"A car drives up to the gate, and I walk up to the car."
Translation:Egy autó áll a kapuhoz, én pedig az autóhoz állok.
Állok means I stand. Or at least so I thought. With -hoz I would understand it like "position myself to the". So where is the walking?
The walking happens while you're getting over to the car to stand next to it. You can also hop or swim or fly if you're a kindergarten teacher, but those are rather uncommon.
"Egy autó áll a kapuhoz, és én meg az autóhoz állok." was marked as a correct answer at a multiple choice question.
Either "és" or "meg", but not both, that's what I think.
Might have slipped in there; there's also a variant with "és én pedig" in the database.
But I don't think it's wrong-wrong to use both words, merely a bad style.
Just consider the subject. Could you describe it in its natural position as standing? Could a tree be standing? A building? A car? How about a road? Or a cloud?
That's one thing to consider.
And the other one is the movement that can be implied. Since we have the specific preverb "oda" that clearly indicates a targeted movement, you can use all kinds of even stationary verbs with it and they suddenly come alive. They move! "Oda"+"áll" becomes an action, a movement that culminates in the subject standing at the target location. You can't do this with "van". At least not in this sense. Don't even get me started on "oda"+"van". That is a new can of worms. :)
I didn't try to use van (I tried felvezet, if I remember correctly, since literal translation seems to be a thing in this course), I'm just saying that for all the fuss people make about how hard it is to figure out when to use it, I find it's still not as hard as áll.
áll is the Hungarian "get"
Yes indeed, RyagonIV, the Hungarian kindergarten teachers seem to have a magic broom. :))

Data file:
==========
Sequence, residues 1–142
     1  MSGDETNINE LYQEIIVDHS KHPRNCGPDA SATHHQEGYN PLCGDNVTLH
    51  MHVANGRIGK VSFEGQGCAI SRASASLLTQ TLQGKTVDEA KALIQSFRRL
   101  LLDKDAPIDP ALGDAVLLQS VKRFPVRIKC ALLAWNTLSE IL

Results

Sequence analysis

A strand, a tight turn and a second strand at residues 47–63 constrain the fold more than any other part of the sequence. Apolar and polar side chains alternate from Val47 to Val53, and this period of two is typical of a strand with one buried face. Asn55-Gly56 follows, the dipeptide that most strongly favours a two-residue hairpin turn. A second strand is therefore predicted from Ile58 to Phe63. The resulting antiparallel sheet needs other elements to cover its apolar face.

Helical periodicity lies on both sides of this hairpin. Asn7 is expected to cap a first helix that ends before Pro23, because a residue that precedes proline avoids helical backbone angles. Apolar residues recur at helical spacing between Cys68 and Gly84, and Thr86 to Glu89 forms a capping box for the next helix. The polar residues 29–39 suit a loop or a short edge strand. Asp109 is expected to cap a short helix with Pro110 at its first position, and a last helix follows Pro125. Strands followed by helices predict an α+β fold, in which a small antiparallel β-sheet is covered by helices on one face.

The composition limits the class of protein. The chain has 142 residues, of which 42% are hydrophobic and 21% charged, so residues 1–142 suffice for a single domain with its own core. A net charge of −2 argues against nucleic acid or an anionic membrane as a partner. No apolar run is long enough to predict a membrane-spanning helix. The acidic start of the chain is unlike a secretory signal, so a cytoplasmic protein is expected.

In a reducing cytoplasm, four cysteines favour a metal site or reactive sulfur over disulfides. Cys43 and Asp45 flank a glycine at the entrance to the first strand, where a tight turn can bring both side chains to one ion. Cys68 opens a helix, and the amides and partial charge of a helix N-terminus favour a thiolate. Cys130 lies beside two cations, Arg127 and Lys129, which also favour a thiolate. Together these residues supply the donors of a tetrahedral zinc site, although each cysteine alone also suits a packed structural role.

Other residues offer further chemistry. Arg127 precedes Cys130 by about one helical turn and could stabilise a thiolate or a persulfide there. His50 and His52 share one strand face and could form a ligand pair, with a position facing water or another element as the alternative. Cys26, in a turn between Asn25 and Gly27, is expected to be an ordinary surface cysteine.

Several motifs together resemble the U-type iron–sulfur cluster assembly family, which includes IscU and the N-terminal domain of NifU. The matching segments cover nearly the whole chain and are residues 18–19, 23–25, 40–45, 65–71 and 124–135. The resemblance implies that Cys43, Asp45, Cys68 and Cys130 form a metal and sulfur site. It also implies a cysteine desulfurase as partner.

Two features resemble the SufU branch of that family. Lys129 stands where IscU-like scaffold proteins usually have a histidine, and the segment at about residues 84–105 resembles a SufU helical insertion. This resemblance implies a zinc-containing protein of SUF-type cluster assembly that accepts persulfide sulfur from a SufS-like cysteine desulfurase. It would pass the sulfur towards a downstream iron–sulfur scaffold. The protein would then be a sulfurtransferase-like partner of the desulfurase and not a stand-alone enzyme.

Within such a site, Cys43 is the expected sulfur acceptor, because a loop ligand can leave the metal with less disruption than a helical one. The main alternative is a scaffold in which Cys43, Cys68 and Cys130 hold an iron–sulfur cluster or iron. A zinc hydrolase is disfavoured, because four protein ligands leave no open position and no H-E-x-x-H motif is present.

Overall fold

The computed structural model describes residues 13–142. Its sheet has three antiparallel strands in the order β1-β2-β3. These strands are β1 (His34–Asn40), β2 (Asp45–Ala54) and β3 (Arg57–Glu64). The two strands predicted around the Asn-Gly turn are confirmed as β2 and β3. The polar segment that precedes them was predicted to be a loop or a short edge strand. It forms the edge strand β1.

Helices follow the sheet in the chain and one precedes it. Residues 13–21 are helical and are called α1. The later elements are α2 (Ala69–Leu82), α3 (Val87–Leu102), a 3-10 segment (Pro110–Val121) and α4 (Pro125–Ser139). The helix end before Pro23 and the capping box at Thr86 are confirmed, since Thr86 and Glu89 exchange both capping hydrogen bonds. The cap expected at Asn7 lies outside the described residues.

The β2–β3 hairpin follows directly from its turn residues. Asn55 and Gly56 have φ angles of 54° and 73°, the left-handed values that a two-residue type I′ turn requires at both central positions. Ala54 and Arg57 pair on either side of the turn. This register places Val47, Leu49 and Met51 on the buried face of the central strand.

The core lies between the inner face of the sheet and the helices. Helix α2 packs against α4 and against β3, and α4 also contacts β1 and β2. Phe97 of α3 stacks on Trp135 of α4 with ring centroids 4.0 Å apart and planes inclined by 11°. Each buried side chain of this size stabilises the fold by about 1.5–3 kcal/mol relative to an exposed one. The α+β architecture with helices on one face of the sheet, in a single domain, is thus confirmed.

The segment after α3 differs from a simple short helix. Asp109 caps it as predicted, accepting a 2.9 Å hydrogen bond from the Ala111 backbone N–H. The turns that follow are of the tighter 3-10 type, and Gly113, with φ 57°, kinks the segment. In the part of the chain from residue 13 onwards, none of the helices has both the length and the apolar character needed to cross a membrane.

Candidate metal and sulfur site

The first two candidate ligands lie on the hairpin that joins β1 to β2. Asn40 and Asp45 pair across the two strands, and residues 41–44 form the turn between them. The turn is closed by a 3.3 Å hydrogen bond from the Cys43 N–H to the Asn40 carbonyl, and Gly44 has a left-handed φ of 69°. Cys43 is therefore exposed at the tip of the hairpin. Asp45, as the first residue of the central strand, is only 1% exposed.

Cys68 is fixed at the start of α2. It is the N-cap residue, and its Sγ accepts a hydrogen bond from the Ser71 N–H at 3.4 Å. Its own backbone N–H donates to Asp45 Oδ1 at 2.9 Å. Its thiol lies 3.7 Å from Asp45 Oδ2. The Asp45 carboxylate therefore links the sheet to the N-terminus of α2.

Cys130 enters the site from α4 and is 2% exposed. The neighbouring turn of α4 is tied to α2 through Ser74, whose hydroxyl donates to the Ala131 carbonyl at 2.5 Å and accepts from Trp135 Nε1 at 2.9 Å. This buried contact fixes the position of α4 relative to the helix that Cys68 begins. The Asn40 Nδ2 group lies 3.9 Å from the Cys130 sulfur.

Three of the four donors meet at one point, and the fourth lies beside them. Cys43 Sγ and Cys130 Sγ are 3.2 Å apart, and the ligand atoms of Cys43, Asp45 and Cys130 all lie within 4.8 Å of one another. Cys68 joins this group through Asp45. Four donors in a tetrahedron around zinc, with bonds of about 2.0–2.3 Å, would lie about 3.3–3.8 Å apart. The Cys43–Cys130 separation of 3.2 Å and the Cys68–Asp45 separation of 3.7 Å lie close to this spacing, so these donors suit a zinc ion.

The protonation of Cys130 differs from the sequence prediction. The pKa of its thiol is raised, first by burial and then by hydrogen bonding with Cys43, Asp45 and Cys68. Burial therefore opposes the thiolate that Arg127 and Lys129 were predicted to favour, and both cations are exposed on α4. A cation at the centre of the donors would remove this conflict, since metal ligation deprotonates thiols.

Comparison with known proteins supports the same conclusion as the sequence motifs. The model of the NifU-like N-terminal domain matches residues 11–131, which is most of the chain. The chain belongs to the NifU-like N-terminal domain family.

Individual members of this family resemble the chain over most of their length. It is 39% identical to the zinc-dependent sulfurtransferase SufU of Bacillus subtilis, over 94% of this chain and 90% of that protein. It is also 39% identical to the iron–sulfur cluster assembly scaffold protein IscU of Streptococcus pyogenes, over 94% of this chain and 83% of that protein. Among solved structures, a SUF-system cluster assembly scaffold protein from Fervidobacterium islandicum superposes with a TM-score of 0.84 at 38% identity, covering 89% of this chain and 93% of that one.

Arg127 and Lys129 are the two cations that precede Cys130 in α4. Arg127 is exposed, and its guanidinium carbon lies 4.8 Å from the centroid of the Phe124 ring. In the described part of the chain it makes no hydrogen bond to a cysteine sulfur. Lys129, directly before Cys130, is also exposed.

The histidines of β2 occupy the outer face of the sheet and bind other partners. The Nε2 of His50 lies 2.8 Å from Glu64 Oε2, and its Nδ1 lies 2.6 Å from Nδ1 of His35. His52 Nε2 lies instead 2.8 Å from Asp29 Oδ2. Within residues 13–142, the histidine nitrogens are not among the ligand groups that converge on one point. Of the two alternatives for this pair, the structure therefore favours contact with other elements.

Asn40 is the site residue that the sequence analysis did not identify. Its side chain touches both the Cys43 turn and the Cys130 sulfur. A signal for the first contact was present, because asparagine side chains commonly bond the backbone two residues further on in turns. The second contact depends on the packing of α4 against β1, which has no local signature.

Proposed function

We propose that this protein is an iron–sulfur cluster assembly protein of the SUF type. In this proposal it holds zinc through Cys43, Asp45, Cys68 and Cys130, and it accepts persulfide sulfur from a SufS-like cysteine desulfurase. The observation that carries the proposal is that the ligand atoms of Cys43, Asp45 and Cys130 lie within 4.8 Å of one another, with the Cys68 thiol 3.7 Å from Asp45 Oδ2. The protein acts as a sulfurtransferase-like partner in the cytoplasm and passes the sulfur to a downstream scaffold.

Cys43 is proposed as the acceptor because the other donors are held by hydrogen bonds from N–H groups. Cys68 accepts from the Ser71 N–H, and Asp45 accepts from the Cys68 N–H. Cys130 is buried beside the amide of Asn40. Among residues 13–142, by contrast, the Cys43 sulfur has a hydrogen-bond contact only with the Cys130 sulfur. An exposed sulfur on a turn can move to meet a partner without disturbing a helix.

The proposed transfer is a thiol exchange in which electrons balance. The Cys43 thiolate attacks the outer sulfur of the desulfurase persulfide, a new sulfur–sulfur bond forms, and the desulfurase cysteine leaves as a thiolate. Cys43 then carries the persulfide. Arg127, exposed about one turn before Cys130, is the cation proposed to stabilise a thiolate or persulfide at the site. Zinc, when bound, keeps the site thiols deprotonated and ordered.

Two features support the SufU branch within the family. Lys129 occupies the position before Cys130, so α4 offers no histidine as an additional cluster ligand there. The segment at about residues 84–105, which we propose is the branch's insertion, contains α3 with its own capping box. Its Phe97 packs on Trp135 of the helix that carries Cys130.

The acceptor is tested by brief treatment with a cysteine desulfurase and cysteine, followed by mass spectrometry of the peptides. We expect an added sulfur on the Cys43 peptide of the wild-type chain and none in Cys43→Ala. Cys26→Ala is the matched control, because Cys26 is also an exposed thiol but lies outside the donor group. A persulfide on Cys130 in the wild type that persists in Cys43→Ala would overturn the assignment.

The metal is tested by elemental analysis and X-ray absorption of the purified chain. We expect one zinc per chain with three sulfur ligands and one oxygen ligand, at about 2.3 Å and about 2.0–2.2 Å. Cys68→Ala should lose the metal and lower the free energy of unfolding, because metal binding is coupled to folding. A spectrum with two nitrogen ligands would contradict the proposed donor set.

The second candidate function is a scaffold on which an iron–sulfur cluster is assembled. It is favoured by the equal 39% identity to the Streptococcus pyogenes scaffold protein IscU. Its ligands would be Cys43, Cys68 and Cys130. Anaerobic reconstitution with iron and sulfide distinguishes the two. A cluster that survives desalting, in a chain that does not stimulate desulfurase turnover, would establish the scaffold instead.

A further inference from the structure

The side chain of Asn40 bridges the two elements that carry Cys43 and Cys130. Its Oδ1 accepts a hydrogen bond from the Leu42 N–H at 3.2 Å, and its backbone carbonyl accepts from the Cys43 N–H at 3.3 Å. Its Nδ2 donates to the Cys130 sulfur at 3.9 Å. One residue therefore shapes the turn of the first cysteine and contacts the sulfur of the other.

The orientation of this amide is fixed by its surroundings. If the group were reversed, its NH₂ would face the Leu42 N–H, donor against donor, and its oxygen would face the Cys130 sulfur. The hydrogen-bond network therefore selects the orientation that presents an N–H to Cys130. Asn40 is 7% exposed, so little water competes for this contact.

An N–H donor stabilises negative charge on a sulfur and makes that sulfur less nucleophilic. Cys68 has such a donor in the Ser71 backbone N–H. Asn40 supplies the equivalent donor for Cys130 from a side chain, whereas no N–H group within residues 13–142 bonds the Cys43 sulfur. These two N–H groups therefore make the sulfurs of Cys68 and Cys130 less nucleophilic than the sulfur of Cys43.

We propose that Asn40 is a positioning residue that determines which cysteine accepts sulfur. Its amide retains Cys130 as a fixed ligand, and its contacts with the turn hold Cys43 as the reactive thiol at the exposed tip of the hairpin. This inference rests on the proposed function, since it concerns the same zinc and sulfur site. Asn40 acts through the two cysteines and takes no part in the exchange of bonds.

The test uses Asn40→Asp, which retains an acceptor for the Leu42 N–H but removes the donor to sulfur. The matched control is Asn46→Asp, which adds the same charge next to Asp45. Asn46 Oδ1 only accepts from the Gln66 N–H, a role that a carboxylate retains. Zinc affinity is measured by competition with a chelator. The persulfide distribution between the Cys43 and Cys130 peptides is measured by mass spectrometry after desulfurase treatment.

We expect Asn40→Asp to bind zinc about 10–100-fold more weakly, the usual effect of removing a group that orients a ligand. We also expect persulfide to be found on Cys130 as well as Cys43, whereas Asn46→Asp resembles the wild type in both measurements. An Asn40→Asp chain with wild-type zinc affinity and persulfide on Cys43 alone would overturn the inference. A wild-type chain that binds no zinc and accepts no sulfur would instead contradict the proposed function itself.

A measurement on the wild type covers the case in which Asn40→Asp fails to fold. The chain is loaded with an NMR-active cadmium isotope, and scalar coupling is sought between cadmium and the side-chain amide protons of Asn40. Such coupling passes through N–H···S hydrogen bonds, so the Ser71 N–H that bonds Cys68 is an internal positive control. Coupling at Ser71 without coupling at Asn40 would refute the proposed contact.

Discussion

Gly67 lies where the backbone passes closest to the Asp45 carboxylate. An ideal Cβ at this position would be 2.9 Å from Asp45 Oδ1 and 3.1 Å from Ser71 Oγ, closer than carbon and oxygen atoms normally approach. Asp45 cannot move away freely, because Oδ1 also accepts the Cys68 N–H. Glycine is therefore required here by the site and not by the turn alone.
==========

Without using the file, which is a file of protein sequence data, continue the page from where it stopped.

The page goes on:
Can it also be translated with: Egy auto vezet a kapuhoz és én sétálok az autóhoz. ? I can hardly understand the situation of the english sentence. Why is the car two times needed in the sentence?
This is probably the hardest to translate sentence in the entire course. :´)
I think your translation would work, too, if you start from the English sentence. Maybe the actual German translation of the Hungarian sentence would help you a bit more: "Ein Auto stellt sich an das Tor, ich stelle mich jedoch zum Auto." As we've said already numerous times, English doesn't like using verbs of immobility (like "stand") together with directional adverbs, so we have to work around somehow.
The double mentioning of the car is because in the first clause it's the subject, doing the moving, and in the second clause it's the object, the target of my moving. You could also just say "and I walk up to it" / "ich stelle mich jedoch zu ihm" / "én pedig hozzá állok" (but the personal forms of the suffixes haven't been introduced yet in this lesson).
RyagonIV, you are doing a great job here!
I am not sure if a car can "drive" in English (can it?), but it definitely can NOT "vezet" in Hungarian. "Vezet" is something the driver does, not the car. Even with self-driving cars, the verb "vezet" is not really used like this, to indicate the movement of a car. I would simply use "(oda)megy", "(oda)áll", etc.
"Én pedig hozzá állok" does not sound right. I recommend "én pedig odaállok hozzá". Sounds much more perfect-ive. :)
Whenever I'm going to refresh this course, my English is getting mushed down somewhat. :´)
Cars probably don't drive in English. It's called "cargo", after all, not "cardrive". Though there are more "drive-throughs" than "go-throughs". In any case, cars can definitely drive ("fahren") in German, so that's why I may be a bit off there. Vezet is best to keep in mind as "to lead". So if you make the car lead the driver, that's your problem. :)
Thank you for your notes once again.